One of the sponsor representatives whose company has sponsored Winston Cup for more than 20 years told me that if things did not change immediately, he was prepared to pull his company out of racing completely and that he wasn't alone. Individually and in groups, team owners stormed into the NASCAR trailer and demanded that the situation be fixed--immediately. It was. First, NBC released a statement that distanced them from the FOX situation stating that they would not demand that sponsors advertise to get their logos shown and their product mentioned. And then on Tuesday, after meeting with NASCAR, FOX announced that they would no longer blur any sponsor's logos.

That is only the most visible problem of the television transition. FOX has announced that they will not be releasing any videotape footage of NASCAR racing to any other network so ESPN, ESPN2, TNN, Speedvision will have to do without any Winston Cup or Busch Grand National coverage for their racing and sports new shows and their studio shows. Since NASCAR's Craftsman Truck Series is going to be shown on ESPN, FOX will be showing no Truck racing, footage, or reports. For the past several years ESPN2 has broadcast its RPM2Night program from the Daytona International Speedway for the week leading up to the Daytona 500. This year they couldn't even get credentials to get onto the property. They are in Daytona Beach and have set up a temporary studio at a marina on the Atlantic Ocean, but the extreme demands on all the drivers during Speedweeks is making it difficult for them to get the best guests given their distance from the track.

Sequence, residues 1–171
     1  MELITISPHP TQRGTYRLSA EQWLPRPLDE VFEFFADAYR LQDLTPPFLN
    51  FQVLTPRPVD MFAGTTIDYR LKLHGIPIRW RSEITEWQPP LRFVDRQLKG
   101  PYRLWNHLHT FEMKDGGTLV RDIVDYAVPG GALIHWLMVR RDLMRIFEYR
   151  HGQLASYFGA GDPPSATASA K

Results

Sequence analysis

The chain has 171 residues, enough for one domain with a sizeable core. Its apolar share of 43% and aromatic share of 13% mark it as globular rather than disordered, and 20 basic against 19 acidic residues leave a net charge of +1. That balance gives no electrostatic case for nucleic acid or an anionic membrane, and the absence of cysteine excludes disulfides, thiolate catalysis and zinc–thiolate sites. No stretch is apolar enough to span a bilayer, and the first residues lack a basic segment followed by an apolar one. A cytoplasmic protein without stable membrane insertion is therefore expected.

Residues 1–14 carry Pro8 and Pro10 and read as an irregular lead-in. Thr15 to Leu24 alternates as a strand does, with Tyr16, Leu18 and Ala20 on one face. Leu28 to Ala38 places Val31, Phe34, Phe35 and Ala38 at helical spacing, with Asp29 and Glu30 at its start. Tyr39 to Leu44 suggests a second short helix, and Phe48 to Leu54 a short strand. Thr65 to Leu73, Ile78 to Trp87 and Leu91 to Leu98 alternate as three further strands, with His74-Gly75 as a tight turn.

Two time Winston Cup champion Ned Jarrett is no longer one of the media inside crowd. It was almost sad to see Ned standing on top of his motorhome parked in the back 40 by the northern edge of Lake Lloyd with everyone else during Sunday's Budweiser Shootout. Ned doesn't have a TV deal with FOX. According to Michael Waltrip, Speedvision's very popular Inside Winston Cup Racing studio show which also features Allen Bestwick, Kenny Shrader, and Johnny Benson is not going to be resurrected. Among other things, the inability to get race footage doomed the show.

The FOX racing program plans to broadcast NASCAR races on a variety of their outlets including FOX Sports Net and FX. The Gatorade Twin 125s on Thursday are scheduled to be broadcast on FX which isn't even carried on one of the two cable TV providers in Daytona Beach. So one of the changes is that fewer people are going to be able to view NASCAR races. This is very clear to the companies who sponsor races for whom it is a business decision. They require reports from the race teams they sponsor about how many "impressions" the team made the previous month. Only 43 Craftsman Trucks have shown up at Daytona and 46 Busch Grand National teams. As many as 15 teams have folded up or not shown up for the biggest race of the year because they could not attract sponsorship. Why? Because the sponsors see that the increasing price of sponsorship is going to get them less coverage,

The situation is going to improve. The media is on the story and is reporting it. The team owners are irate and are telling NASCAR what needs to get fixed. FOX seems to be listening, at least to the logo blurring issue, but much more needs to be fixed and fixed quickly. This will be a continuing story as the 2001 race season plays out and the final decision about what happens truly rests with the race fan who votes with his or her pocketbook when they chose products because they sponsor race teams or don't.

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About this article
Series Monster Energy NASCAR Cup
Drivers Michael Waltrip , Johnny Benson , Ned Jarrett